Third, getting over race-fixation is sometimes accomplished best by dealing with it directly. The Richmond tradition of gentility often leads to avoiding plain discussion of issues that need attention. Discussions that lead to more understanding help ease tensions, while polite denial causes those tensions to build and explode. Groups like Hope in the Cities who promote constructive dialogue offer Richmonders an upward path.

Fourth, political equality is hollow without economic equality. Given the long history of state-supported actions that deprived African Americans of education and wealth opportunities, current income disparities are not surprising. We cannot now claim to be about equality unless we care passionately about strategies to increase economic opportunity in minority communities.

A final need is particularly focused on white Richmonders. While any person can be a racist, the most significant and foundational racism in this country has been by whites against citizens of African descent. Even now, at a time when much overt racism has been defeated, many whites are still prone to inaccurate stereotypes about blacks and others because they have little experience in dealing with minorities on a personal level. To generalize, most blacks understand the nuances of the white world pretty well because they have to move in it every day. But, most whites have little understanding of African Americans because they are able to be isolated from black institutions, neighborhoods and individuals.

Fifteen years ago, my wife and I joined a church congregation in Richmond that is predominantly black. My years at Saint Elizabeth's have been my best education in people (their similarities and differences) and in my own stereotypes. Things that I thought I knew about myself and others have turned out to be wrong. In addition, being in a minority even in this small way has made me appreciate better what a challenge it can be, even under the best of circumstances.

If you want to fight racism and start this next century off right, commit some part of your life to working, learning, worshipping or recreating in a group of people who have a different racial background than you do. Do it persistently and over a long period of time. Learn and grow as a person as you go beyond your normal social bounds. Changing yourself is the best way to change our community.

7. Diets

[image-2]Photo by Stephen SalpukasAs a society, we have done them all. The Rotation Diet, the Grapefruit Diet, the Cabbage Soup Diet, the Carbohydrate Addicts' Diet. We've been fat-free and low-carb, but not at the same time 'cause that would be a diet faux pas. We've followed Pritikin, McDougal, Atkins and Scarsdale, eaten raw foods, whole foods, green foods and "thermogenic" foods. Some of us have designed our own programs, including "Caffeine, Caffeine, Caffeine," "Stress Your Way to Thinness" and "Hot-Cha-Cha: If Your Food's Too Spicy to Eat, You Can't Get Fatter."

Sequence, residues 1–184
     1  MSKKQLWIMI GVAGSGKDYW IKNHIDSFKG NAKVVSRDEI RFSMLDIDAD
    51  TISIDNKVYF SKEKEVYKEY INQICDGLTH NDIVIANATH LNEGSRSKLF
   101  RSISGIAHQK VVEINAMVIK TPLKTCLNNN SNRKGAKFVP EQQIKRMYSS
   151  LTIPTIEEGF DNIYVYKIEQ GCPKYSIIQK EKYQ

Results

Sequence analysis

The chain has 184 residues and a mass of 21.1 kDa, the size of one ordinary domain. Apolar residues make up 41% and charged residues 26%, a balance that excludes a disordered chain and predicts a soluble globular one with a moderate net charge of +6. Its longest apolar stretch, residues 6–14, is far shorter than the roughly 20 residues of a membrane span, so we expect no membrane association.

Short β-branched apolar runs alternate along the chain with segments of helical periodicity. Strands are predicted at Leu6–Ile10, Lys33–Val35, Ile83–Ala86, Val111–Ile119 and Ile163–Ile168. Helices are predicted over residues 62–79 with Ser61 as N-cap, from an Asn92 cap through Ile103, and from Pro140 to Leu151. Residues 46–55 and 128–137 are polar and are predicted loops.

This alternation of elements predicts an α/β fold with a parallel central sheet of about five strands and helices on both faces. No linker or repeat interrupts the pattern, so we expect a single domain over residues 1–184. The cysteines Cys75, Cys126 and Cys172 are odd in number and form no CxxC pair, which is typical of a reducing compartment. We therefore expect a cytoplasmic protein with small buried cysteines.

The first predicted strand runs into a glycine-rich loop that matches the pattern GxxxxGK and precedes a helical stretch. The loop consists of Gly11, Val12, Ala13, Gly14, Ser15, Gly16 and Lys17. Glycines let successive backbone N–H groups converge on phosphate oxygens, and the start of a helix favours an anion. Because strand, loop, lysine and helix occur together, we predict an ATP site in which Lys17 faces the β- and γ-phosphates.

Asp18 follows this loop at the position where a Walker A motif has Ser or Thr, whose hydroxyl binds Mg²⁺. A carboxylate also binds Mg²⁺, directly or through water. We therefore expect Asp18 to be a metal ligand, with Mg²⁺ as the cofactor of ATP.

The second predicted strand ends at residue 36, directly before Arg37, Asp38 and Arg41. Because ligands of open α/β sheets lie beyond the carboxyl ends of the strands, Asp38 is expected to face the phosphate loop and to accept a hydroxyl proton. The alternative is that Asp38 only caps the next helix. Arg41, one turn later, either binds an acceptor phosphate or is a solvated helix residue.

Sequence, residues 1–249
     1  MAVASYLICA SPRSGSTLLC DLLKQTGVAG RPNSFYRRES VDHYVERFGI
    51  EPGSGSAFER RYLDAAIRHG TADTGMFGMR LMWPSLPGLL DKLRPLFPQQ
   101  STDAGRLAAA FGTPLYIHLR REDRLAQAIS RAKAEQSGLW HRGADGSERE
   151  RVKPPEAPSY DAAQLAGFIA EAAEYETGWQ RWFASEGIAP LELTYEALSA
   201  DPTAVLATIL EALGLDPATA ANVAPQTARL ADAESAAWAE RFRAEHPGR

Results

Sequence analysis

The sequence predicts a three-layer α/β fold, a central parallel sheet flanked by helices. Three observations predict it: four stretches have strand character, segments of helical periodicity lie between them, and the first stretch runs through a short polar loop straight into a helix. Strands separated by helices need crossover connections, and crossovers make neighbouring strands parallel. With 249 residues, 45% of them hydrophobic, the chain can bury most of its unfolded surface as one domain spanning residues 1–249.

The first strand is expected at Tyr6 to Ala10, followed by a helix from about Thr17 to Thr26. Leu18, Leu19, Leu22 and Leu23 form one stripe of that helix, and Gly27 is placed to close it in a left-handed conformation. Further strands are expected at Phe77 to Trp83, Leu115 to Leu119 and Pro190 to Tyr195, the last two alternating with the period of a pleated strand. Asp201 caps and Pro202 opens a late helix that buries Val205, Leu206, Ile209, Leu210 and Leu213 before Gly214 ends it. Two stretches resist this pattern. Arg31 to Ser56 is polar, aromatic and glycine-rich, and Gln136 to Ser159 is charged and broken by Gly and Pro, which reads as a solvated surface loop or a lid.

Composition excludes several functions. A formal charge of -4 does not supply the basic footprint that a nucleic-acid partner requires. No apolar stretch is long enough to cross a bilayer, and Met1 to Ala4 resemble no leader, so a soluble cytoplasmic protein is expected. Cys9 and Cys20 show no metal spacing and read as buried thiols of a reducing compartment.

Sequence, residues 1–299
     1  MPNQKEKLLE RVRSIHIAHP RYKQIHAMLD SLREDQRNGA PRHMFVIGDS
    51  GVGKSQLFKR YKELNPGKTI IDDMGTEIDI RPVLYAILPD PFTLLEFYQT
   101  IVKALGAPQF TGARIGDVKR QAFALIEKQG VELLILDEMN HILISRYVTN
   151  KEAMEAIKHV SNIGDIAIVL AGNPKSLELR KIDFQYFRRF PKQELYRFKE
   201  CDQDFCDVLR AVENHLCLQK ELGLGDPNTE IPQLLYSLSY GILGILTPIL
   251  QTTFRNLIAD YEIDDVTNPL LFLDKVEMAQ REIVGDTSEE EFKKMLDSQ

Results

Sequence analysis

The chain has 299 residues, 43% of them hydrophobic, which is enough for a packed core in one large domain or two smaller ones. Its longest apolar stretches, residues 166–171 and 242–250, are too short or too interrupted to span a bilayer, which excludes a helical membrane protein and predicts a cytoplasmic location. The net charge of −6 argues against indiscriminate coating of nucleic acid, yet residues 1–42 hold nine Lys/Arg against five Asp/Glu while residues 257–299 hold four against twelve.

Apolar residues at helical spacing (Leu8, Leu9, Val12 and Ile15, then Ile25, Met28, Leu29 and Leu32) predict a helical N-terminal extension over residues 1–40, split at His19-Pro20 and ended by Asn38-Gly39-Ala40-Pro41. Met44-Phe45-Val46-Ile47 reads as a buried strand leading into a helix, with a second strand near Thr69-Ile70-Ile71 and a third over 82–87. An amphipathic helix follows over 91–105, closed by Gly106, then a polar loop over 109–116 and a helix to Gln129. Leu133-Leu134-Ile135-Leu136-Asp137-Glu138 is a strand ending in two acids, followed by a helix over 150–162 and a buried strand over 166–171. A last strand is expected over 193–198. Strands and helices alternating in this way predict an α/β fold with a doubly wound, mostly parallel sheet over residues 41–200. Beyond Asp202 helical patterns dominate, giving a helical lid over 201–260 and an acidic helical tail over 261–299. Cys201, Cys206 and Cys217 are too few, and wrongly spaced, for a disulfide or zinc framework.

Our bookshelves have stored "Gabe Mirkin's Fat and Fiber;" "Diet for a Small Planet;" Eat More, Weigh Less;" "Eat Well, Lose Weight While Breastfeeding;" and "Fat Is A Feminist Issue." In desperation, we've turned to Diet Center, Weight Watchers, Jenny Craig and even Richard Simmons. Protein Power? Sugarbusters? Fit For Life? Done it, done it, done it. We've dosed on Dexatrim, sucked down Slimfast and purged our innards with ABC Colon Cleanse.

We have been hypnotized.

The upshot of it all? We still have our cabooses, love handles and flabby thighs.

It's time to start understanding once and for all: It's in the jeans because it's in the genes. No diet will change that, no matter what the authors and their publicists say.

It may sound simple-minded, but in the new millennium, let's quit talking about weight loss and stop cutting out entire food groups. Instead, let's eat when we're hungry, stop when we're full and stay active. And let's pitch all those damn diet books.

8. SUVs

[image-3]Photo by Chad HuntHenry Ford did a wonderful thing by creating the automobile, but whoever invented the sports utility vehicle took the concept a bit too far. Unless you are in the military, regularly hunt for big game in the African bush, or need a really sturdy vehicle to tool around your 5,000 acre Montana ranch, a regular old car will do you fine.

Imagine what a lovely next millennium it would be if every owner of a big, gas-guzzling road hog — er, sports utility vehicle — drove their offending automobile into the suburbs before the calendar turned over to the big two-oh-oh-oh and left it there! Even better — how about driving the offending vehicles into a muddy field, getting stuck in the mud and being forced to desert those all terrain vehicles in complete humiliation! You may think your shiny, hunter-green SUV marks you as a rugged individualist, but you can't fool us. We know you use it as your primary means to transport groceries from Ukrop's. Ever heard of a station wagon?